• Goitrogen: Though plants tend to never be discouraged, produce containing goitrogens may be the exception to the rule. Goitrogens can inhibit thyroid activity, mostly by interfering with iodine uptake from the thyroid gland.

The compounds are mostly found in cruciferous vegetables, including cauliflower, broccoli, cabbage, Brussel sprouts, and turnings.

Reductions in soy products, including soy milk, tofu, tempeh, and miso, may be warranted if managing a thyroid condition.

• Gluten: A link exists between celiac disease and thyroid conditions, which may warrant a gluten-free diet (GFD). Some patients with celiac disease have reported a lower need for thyroid hormone replacement after complying to GFD. A gluten-free diet may also bring clinical benefits to women with hypothyroidism related to an autoimmune disease.

Gluten is sourced from wheat, barley, and rye and the products the grains produce, including pastas and breads. Gluten may also be hidden in sauces, marinades, gravies, and other non-obvious sources.

Ultimately, consult with a doctor and/or dietitian to determine whether or not omitting certain food compounds. They can likewise help determine personal nutrient needs and create a balanced meal plan to meet them.

Additional Tips to Lose Weight with Hypothyroidism

When it comes to losing weight with hypothyroidism, medication and diet tend to be at the core. However, there are additional tips that can assist with weight loss and management.

• Dismiss Diet Drugs: At this point in time, there really is no drug that should substitute or piggyback onto thyroid medication. Even if a weight loss drug appears tempting, or even effective, they pose dangers of thyroid patients by interacting with medications.

Always discuss the interest of, risk factors, and potential side effects of any medications or pills before taking.

• Drink Enough Water: Water plays a vital role in health, including weight maintenance and loss. Not only can keeping hydrated lessen preconceived feelings of hunger, but reduce the risk of overeating come mealtime. And not to mention, water is free of calories unlike soda and other sweetened beverages.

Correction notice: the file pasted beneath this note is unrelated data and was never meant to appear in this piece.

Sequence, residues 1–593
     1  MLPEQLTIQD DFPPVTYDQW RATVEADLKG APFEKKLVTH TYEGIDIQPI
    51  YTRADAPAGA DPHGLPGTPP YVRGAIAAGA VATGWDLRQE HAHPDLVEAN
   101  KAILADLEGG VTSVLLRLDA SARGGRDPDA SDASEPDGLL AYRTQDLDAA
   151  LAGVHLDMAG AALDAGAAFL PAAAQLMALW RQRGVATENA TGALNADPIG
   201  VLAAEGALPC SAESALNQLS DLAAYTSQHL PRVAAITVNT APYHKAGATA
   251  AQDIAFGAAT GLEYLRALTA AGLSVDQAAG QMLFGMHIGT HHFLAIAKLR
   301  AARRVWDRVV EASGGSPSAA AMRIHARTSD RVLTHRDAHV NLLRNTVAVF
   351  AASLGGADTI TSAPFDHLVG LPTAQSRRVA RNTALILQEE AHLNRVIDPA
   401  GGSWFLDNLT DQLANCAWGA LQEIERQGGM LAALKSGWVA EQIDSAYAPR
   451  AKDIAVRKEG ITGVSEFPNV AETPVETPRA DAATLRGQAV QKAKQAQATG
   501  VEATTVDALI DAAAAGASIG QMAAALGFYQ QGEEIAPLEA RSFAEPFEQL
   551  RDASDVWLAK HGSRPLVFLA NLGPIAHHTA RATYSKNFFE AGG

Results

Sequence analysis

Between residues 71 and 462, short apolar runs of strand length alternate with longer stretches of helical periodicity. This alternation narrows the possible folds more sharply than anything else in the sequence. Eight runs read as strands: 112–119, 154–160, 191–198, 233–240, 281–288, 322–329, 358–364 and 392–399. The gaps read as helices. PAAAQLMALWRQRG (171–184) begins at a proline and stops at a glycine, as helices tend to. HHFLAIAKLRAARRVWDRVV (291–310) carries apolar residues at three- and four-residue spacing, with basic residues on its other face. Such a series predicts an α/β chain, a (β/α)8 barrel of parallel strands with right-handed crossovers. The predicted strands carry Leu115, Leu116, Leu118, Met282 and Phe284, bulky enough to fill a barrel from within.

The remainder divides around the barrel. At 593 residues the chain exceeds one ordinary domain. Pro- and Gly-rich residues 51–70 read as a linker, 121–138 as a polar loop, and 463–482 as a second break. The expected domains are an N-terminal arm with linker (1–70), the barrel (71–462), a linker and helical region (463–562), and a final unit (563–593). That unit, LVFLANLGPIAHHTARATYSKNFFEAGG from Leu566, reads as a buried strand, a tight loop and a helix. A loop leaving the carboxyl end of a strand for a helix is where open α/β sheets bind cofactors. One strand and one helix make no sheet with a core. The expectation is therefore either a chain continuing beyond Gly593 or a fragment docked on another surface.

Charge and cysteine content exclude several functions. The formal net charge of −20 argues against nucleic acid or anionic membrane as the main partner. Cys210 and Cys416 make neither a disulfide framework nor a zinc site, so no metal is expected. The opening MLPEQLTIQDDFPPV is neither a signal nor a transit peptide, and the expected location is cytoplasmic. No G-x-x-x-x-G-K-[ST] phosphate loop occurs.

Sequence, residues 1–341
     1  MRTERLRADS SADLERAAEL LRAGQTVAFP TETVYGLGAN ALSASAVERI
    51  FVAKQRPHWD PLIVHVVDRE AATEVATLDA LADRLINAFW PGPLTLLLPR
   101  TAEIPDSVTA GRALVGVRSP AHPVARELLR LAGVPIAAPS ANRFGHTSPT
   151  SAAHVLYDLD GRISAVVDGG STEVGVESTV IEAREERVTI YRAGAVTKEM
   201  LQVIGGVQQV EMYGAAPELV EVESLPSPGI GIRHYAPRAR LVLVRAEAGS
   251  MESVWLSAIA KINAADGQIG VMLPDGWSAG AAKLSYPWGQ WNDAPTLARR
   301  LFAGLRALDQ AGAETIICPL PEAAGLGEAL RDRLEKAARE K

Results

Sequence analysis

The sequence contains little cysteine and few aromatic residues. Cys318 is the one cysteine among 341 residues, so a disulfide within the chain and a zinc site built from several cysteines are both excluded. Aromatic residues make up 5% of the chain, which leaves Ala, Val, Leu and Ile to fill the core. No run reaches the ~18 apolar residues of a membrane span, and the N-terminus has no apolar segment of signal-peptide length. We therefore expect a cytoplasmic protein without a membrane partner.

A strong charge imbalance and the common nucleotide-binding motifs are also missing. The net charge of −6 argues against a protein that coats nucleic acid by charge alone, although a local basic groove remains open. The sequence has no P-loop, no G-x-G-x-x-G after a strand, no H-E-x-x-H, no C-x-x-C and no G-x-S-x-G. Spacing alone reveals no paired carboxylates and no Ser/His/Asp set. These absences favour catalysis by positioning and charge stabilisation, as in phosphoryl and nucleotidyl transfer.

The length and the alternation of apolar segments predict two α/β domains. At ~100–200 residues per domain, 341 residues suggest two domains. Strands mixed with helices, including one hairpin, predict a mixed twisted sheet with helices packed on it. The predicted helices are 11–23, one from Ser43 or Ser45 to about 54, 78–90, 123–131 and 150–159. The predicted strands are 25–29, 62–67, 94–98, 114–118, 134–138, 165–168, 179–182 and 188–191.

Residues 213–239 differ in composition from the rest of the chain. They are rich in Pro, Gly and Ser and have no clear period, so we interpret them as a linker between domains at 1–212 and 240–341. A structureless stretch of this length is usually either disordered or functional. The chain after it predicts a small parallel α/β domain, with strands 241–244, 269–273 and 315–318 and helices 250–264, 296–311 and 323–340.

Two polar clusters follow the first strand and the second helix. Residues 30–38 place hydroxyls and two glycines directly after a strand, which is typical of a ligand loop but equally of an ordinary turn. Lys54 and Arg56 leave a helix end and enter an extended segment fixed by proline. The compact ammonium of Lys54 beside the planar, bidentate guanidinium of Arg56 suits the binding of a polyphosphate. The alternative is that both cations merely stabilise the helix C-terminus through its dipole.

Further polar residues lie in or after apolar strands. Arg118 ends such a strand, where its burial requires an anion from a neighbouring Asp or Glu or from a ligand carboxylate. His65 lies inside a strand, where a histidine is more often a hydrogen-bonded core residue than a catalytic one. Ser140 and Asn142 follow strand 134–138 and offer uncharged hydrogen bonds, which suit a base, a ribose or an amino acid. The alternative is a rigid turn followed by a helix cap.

As a general rule, healthy adults should consume at least eight, 8-ounce glasses of water per day. Drink more water daily by using larger cups and making intake convenient.

• Exercise Regularly: To supplement medication compliance and a healthy diet, exercise on a regular basis. Individuals should aim for at least 150 minutes of cardio per week, or 30 minutes most days of the way. Cardio exercise includes jogging, cycling, dancing, swimming, and any exercise that elevates heart rate.

Complement aerobic exercise with strength training two to three times per week. This helps build lean muscle, in turn increasing basal metabolic rate (BMR), the rate at which calories are burned at rest.

• Obtain Adequate Sleep: Lack of sleep can lead to weight gain, so ensuring sufficient shuteye can reduce such risk. Adequate sleep can control hunger hormones, lessen cravings, and optimize energy levels to keep active.

The National Sleep Foundation advises adults to sleep between seven to nine hours of sleep, while striving for sound shuteye.

• Reduce Stress: Stress can exacerbate hypothyroidism symptoms, mostly by the adrenal glands release of cortisol. High cortisol levels have been linked to weight gain, signifying the importance of lowering stress.

Along with a nutrient-dense diet and adequate sleep, reduce stress with yoga, deep breathing, meditation, and exercise.

Written By Sarah Asay, RDN. Published on September 28, 2017. Updated on May 07, 2019.